Frida Kahlo's legacy continues to grow in the public imagination in the nearly fifty years since her "discovery" in the 1970s. This collection of conversations over the course of her brief career allows a peek at the woman behind the hype. And allows us to see the image of herself she carefully crafted for the public.
Frida Kahlo is now an icon. In the decades since her death, Kahlo has been celebrated as a proto-feminist, a misunderstood genius, and a leftist hero, but during her lifetime most knew her as ... Diego Rivera's wife. Featuring conversations with American scholar and Marxist, Bertram D. Wolfe, and art critic Raquel Tibol, this collection shows an artist undervalued, but also a woman in control of her image. From her timid beginnings after her first solo show, to a woman who confidently states that she is her only influence, the many faces of Kahlo presented here clearly show us the woman behind the "Fridamania" we know today.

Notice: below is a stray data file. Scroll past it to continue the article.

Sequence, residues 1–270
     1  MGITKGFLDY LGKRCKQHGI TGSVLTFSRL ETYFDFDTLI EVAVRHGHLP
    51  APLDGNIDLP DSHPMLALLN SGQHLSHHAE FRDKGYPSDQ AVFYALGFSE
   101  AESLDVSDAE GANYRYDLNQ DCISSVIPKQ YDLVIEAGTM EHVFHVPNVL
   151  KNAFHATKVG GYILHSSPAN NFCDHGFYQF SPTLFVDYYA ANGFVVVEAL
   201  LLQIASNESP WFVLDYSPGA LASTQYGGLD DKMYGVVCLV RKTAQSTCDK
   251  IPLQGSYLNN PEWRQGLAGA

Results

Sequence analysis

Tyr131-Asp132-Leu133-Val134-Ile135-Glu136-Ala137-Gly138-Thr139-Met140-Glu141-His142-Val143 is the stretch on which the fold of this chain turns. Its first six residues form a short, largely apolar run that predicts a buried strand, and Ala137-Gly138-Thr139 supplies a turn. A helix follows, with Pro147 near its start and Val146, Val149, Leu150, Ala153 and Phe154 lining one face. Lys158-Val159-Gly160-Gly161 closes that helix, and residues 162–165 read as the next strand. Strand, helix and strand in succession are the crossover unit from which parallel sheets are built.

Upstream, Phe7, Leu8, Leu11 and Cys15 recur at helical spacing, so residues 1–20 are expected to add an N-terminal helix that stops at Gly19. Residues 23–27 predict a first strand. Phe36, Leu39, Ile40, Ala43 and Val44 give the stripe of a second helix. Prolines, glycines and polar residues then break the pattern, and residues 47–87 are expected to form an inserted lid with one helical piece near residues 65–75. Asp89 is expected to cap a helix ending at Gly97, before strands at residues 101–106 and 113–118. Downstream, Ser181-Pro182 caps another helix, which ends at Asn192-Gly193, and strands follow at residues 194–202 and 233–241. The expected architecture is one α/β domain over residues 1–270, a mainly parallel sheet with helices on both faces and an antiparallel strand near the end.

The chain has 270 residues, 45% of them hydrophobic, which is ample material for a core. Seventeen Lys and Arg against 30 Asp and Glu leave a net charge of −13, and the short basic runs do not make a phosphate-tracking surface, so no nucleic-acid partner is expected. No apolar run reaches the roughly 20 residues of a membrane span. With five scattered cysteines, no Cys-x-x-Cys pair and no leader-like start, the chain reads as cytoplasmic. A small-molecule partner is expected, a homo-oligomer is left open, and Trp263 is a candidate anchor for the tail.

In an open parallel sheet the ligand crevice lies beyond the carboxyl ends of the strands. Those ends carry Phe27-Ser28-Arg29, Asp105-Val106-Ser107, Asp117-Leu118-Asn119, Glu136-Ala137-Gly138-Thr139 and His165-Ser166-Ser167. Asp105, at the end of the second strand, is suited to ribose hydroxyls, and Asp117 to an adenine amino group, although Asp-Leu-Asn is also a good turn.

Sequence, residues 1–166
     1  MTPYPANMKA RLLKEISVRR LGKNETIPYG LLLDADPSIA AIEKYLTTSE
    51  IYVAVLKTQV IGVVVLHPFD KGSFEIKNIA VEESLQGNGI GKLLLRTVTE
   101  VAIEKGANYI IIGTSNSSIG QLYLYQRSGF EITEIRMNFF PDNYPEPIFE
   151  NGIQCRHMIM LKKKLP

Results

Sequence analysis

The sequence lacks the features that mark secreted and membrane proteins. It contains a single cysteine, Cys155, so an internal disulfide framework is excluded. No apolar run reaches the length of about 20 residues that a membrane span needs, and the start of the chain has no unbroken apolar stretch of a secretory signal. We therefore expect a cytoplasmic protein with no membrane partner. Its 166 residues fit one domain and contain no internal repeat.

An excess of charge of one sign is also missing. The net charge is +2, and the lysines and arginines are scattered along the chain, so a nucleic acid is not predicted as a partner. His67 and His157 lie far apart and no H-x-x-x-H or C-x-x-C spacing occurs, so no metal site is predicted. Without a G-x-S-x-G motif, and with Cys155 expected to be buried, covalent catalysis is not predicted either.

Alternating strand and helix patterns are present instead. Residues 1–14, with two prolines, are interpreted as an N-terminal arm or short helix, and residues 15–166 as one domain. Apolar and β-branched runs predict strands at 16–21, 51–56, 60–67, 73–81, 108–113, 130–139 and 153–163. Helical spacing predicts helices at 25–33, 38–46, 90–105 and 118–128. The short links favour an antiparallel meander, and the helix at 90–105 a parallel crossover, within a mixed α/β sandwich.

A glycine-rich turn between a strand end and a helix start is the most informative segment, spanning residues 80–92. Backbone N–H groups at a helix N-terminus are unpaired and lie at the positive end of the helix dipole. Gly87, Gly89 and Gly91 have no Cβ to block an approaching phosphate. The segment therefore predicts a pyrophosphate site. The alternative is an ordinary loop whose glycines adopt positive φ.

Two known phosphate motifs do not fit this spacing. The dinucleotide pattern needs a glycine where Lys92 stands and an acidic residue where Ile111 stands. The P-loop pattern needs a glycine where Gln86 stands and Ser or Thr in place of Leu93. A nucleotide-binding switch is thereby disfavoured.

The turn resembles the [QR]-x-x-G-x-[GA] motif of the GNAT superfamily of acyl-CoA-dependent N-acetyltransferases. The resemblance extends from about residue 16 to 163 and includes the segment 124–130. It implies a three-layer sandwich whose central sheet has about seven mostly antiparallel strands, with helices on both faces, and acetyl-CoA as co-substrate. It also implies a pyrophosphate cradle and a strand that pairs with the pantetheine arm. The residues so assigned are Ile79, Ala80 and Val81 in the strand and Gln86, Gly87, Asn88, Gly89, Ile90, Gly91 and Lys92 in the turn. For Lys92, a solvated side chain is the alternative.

About the Author
Frida Kahlo (1907-1954) is considered one of Mexico's greatest painters. Drawing inspiration mainly from Mexican folk culture, Kahlo is known for her many self-portraits that mixed fantasy and reality and often incorporated personal and social commentary. Her work was shown in Paris, New York, and Mexico before her death in 1947. Kahlo's work went largely unnoticed outside of Mexico until the 1970s when she was rediscovered by art historians and political activists. Since then she has been the subject of numerous biographies and retrospectives.